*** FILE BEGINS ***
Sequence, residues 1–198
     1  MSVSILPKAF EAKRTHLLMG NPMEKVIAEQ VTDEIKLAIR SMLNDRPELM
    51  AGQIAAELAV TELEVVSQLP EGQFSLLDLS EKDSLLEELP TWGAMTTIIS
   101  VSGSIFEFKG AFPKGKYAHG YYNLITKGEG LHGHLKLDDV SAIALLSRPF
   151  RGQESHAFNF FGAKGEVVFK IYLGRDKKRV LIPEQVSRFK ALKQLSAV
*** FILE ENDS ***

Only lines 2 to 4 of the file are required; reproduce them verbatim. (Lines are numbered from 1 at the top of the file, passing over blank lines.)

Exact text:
     1  MSVSILPKAF EAKRTHLLMG NPMEKVIAEQ VTDEIKLAIR SMLNDRPELM
    51  AGQIAAELAV TELEVVSQLP EGQFSLLDLS EKDSLLEELP TWGAMTTIIS
   101  VSGSIFEFKG AFPKGKYAHG YYNLITKGEG LHGHLKLDDV SAIALLSRPF